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Solarworld continues to implode despite Qatari Investment

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Solarworld goes on and on its frugal journey

Flamboyant CEO of Solarworld has failed to turn around the beleaguered German solar producer despite all his bravado. Solarworld has played an instrumental role in instigating USA for imposing anti-dumping and countervailing duties against the Chinese made solar cells and panels. The company also tried to do the same in Europe, but better sense prevailed. EU and China came to a compromise leading to volume and price constraints for Chinese made solar imports. Solarworld has been running large losses in the last 3 years and has failed to come out of the rut. While the top solar panel producers such as Canadian Solar (CSIQ), Trina (TSL), Jinko (JKS) etc. have started to make profits, Solarworld reported another massive loss even as its revenues have kept shrinking.

Solarworld has an unsustainable business model in which it manufactures high cost solar panels in Europe and USA. Its products do not have any quality advantage, which would allow it to offset the high cost. The company has a miniscule marketshare and has been running into liquidity issues. Only a large cash infusion by a Qatari fund helped stave off a bankruptcy. However, it led to a huge haircut for shareholders. The company remains a shadow of its former self, when it was the largest integrated solar panel maker in the world. It remains to be seen how long Solarworld can survive. The company is the only large panel maker left in Germany and recently bought the operations of Bosch for a negative sum. Manufacturing in Europe is no longer profitable, given the massive cost and scale advantages enjoyed by the Asian producers. The surviving Western solar producers such as First Solar (FSLR) and Sunpower (SPWR) also have their factories in Malaysia and Philippines respectively. REC Solar has also built a large integrated factory in Singapore after closing most of its operations in Europe. More than 50% of the global demand is now emanating from Asia so it also makes sense to build factories in Asia from a marketing and logistics view.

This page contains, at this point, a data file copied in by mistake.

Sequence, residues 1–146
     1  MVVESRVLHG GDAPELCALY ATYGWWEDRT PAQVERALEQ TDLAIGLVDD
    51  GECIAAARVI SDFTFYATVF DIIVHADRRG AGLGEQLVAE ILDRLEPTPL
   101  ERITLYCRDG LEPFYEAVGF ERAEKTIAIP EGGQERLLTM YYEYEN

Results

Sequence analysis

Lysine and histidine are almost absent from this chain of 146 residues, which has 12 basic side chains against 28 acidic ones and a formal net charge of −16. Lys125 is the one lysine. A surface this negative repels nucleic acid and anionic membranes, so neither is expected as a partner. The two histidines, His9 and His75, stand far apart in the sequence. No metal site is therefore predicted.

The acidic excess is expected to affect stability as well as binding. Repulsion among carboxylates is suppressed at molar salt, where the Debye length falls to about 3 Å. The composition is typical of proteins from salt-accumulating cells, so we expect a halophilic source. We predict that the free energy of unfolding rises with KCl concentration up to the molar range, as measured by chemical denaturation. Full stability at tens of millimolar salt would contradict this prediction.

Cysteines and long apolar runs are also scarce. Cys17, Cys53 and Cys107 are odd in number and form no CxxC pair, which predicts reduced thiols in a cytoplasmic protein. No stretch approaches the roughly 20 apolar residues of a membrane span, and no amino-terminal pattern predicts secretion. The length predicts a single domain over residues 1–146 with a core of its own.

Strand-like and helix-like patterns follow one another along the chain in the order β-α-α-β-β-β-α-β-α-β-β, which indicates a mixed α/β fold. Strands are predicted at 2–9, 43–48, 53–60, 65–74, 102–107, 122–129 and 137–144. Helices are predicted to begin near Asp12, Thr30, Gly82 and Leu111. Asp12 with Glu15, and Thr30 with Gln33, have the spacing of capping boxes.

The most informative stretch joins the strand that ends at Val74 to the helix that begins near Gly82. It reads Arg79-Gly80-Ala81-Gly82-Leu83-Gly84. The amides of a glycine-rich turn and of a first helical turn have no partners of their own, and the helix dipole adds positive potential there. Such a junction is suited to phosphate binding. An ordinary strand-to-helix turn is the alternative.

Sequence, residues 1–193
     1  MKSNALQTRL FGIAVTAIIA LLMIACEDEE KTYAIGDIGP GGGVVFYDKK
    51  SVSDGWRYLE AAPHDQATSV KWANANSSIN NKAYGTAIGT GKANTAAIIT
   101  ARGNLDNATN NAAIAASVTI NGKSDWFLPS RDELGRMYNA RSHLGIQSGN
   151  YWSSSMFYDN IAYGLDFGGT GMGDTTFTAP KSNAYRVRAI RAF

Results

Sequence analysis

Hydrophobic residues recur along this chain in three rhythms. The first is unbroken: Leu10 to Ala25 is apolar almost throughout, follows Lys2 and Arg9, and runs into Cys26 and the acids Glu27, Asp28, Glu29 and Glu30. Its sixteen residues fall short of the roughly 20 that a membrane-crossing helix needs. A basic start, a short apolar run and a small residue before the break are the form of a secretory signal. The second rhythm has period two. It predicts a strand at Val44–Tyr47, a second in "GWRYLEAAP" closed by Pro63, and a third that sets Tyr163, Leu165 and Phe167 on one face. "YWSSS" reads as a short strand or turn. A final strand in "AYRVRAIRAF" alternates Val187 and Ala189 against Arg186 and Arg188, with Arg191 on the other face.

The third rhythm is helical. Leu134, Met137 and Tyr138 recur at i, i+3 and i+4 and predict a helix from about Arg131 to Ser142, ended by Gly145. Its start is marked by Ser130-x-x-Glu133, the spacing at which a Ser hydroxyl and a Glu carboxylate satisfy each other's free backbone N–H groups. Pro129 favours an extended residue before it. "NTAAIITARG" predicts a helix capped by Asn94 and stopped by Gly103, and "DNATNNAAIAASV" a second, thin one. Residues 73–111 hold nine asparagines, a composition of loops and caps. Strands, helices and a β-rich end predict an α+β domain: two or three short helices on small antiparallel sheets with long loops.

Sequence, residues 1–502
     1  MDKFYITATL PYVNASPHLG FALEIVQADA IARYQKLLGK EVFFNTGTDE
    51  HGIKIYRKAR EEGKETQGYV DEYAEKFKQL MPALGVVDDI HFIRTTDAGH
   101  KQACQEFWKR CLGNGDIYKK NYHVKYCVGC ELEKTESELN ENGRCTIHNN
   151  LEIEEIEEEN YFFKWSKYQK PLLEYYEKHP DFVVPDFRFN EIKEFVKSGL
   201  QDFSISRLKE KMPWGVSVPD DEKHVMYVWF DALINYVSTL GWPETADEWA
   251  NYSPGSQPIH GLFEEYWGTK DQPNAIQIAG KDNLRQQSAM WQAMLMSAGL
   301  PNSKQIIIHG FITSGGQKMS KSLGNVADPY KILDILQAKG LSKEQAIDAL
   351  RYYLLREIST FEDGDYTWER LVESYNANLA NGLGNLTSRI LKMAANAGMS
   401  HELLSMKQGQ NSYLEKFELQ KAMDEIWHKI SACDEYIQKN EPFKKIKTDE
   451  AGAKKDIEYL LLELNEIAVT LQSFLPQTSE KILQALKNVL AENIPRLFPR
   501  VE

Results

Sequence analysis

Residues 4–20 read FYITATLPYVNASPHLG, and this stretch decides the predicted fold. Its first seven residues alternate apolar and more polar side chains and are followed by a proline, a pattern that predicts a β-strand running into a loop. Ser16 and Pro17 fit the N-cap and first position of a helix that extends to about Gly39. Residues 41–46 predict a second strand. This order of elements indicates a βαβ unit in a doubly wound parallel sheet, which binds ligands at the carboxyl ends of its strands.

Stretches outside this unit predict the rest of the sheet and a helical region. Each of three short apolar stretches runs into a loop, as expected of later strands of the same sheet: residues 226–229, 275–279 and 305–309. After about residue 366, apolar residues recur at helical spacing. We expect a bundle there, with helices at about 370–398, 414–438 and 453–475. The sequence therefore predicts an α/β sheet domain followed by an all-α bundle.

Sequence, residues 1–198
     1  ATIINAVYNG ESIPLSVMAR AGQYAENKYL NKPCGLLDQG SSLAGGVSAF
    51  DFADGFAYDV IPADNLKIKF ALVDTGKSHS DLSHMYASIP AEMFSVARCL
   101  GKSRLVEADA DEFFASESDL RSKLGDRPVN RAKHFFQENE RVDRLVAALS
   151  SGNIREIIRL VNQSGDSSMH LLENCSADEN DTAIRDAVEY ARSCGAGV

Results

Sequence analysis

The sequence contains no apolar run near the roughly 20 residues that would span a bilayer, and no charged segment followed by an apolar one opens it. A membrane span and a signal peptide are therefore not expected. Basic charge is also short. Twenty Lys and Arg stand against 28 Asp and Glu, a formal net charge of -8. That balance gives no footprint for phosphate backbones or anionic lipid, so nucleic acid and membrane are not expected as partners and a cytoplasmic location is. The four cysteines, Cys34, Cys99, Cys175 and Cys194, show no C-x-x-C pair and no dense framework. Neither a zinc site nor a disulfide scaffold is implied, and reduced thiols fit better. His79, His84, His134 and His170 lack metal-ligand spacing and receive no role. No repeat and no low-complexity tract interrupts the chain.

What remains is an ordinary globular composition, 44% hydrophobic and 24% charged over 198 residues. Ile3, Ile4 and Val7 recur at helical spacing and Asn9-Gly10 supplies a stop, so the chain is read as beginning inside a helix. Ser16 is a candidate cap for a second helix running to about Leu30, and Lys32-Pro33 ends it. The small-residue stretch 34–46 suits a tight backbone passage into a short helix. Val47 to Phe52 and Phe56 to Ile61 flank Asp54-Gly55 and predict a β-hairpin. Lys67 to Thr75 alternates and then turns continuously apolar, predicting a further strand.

PV Tech

SolarWorld has reported preliminary 2013 financial results, highlighting its continued bankability issues in key historical markets such as Germany during its lengthy financial restructuring phase.

The company reported consolidated revenue of €456 million (US$631 million), down 25% from the previous year when revenue fell to €606 million (US$839 million). Revenue was over €1 billion (US$1.4 billion) in 2011.

SolarWorld reported a negative EBITDA of €192 million (US$266 million), down slightly from €203 million (US$281 million) in 2013. The company reiterated that it did not expect to return to profitability until 2015.

Sales in the fourth quarter of 2013 were around €110 million (US$152 million), down from around €144 million (US$199 million) in the prior quarter, its highest sales quarter for the year.

SolarWorld had cash totalling €163.7 million (US$226.6 million) at the end of 2013, down from €224.1 million (US$310.2 million) in 2012.


Sneha Shah

I am Sneha, the Editor-in-chief for the Blog. We would be glad to receive suggestions, inputs & comments on GWI from you guys to keep it going! You can contact me for consultancy/trade inquires by writing an email to

One Response so far | Have Your Say!

  1. Ben

    Wacker on Jan 29 announced that they will have a Euro 130 million windfall from readjustment of a long-term poly contract with a “name withheld” PV manufacturer. The rumors were that it was Solarworld on hook however you did not mention this in your article at all. Is your information different or it is instead another PV manufacturer?